Weather
Fri, December 11th, 2015

Yesterday 20 € of new snow was observed in the upper elevations of Turnagain Pass. This snow favored the Northern side of the pass and arrived with warm temperatures. Rain/snow line was around 1000′ leaving heavy wet snow along the Turnagain Pass road corridor. Winds were light to moderate from the NE.

Overnight skies cleared and temperatures dropped into the upper 20F’s. No new snow was recorded overnight and winds were light 10-15mph from the Northeast.

5-7 € of new snow is expected to arrive late morning. Easterly winds have already picked up this morning and will remain moderate, 15-30mph with Gusts in the 40 through early evening. Temps will be slightly cooler today with rain/snow line estimated for about 500′.

Snow showers and moderate winds are expected throughout the weekend.  

PRECIPITATION 24-hour data (6am – 6am)

  Temp Avg (F) Snow (in) Water (in) Snow Depth (in)
Center Ridge (1880′) 29F   3   0.3   36  
Summit Lake (1400′) 27F   1   0.1    12
Alyeska Mid (1700′) 30F   1   0.08    25

RIDGETOP 24-hour data (6am – 6am)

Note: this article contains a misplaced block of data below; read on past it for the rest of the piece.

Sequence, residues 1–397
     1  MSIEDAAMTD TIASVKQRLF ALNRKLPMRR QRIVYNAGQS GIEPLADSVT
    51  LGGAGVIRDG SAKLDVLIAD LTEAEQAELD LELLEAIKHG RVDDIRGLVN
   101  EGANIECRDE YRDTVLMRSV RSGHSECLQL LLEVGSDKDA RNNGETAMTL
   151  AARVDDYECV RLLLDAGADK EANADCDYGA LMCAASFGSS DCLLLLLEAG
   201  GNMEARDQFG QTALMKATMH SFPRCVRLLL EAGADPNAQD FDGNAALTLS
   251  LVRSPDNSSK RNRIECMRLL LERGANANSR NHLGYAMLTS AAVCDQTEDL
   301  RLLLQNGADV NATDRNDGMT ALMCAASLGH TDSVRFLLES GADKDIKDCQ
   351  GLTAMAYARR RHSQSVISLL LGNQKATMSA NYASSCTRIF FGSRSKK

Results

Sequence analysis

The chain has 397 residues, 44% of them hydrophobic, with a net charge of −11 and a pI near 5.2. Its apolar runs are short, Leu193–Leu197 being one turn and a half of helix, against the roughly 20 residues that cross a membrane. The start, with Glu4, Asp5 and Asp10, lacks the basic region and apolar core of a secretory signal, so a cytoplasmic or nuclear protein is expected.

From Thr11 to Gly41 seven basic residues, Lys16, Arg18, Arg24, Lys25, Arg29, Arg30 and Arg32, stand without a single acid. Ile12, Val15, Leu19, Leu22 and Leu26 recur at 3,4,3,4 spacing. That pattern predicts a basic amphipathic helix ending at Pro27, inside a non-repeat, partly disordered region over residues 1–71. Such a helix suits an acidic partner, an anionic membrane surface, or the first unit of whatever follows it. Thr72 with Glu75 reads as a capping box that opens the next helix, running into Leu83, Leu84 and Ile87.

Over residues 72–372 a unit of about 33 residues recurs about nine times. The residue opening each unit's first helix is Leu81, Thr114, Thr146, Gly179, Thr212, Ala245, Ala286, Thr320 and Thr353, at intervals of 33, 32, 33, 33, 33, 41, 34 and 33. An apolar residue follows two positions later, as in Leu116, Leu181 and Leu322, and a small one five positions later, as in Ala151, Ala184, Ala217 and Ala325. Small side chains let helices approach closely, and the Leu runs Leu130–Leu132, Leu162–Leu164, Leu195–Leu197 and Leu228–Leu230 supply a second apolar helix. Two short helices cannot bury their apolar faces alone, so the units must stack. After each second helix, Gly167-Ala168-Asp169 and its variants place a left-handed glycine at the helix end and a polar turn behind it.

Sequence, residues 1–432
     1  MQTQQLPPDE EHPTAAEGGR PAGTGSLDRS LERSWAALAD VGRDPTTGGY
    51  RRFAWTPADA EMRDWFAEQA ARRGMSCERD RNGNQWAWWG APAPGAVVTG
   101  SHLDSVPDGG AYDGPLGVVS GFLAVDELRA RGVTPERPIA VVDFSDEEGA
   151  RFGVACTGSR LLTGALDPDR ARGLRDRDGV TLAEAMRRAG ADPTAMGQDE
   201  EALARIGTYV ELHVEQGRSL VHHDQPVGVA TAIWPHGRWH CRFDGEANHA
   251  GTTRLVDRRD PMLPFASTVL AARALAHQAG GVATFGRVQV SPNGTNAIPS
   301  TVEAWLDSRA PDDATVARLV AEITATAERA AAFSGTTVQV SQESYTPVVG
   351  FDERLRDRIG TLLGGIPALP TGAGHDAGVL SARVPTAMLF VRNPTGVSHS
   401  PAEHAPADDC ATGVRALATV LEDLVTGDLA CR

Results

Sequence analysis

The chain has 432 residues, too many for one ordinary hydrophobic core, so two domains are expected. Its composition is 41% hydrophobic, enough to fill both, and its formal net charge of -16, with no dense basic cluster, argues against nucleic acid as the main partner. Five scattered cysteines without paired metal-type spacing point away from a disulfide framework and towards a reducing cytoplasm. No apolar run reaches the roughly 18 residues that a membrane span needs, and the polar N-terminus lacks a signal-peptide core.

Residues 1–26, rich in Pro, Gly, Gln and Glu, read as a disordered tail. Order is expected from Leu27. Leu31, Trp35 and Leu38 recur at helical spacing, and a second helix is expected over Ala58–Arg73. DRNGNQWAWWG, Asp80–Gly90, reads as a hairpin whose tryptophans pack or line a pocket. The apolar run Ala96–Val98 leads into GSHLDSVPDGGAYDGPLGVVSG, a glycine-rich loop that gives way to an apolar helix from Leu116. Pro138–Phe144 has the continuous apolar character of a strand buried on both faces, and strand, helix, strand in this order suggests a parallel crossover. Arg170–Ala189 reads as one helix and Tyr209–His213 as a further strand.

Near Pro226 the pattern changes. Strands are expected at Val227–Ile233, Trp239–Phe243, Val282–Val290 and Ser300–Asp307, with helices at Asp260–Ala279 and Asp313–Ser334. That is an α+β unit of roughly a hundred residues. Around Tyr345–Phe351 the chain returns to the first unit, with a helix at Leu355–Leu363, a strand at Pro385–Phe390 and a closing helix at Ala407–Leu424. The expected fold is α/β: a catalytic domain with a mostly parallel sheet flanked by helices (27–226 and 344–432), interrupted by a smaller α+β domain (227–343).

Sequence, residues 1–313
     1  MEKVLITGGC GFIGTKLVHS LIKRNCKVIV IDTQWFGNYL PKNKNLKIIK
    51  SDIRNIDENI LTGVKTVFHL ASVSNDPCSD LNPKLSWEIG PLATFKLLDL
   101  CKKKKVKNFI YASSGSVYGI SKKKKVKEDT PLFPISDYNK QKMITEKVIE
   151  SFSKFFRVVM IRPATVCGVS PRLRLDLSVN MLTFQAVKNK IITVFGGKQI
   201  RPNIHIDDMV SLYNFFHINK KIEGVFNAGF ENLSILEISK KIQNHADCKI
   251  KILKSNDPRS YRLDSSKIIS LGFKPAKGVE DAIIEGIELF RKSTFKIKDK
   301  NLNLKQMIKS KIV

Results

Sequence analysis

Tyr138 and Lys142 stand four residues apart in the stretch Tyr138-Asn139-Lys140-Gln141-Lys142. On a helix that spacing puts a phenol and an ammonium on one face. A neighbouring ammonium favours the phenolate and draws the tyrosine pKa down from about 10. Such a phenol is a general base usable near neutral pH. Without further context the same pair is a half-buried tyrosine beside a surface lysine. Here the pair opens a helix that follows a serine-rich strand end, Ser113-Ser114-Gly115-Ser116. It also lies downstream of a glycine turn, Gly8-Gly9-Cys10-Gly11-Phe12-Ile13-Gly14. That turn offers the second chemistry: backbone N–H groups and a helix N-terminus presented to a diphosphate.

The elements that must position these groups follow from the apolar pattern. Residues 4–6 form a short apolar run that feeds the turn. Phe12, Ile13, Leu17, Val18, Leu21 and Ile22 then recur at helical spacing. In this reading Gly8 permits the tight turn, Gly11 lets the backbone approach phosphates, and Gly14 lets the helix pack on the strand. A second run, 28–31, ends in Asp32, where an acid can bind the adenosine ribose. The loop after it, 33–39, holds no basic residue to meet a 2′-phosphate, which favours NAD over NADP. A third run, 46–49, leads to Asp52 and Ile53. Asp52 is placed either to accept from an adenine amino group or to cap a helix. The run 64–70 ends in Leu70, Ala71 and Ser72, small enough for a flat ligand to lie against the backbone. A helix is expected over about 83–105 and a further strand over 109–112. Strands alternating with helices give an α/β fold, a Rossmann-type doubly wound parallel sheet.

Temp Avg (F) Wind Dir Wind Avg (mph) Wind Gust (mph)
Sunburst (3812′) 23F   NE   14   46  
Seattle Ridge (2400′) 25F   E   11   25  
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Riding Areas
Updated Mon, December 02nd, 2019

Status of riding areas across the Chugach NF is managed by the Glacier and Seward Ranger Districts, not avalanche center staff. Riding area information is posted as a public service to our users and updated based on snow depth and snow density to prevent resource damage at trailhead locations. Riding area questions contact: mailroom_r10_chugach@fs.fed.us

Area Status Weather & Riding Conditions
Glacier District
Johnson Pass
Closed
Closed.
Placer River
Closed
Closed.
Skookum Drainage
Closed
Closed.
Turnagain Pass
Closed
Closed.
Twentymile
Closed
Closed.
Seward District
Carter Lake
Closed
Closed.
Lost Lake Trail
Closed
Closed.
Primrose Trail
Closed
Closed.
Resurrection Pass Trail
Closed
Closed. Will be open for the 2019/20 season pending adequate snow cover.
Snug Harbor
Closed
Closed.
South Fork Snow River Corridor
Closed
Closed.
Summit Lake
Closed
Closed.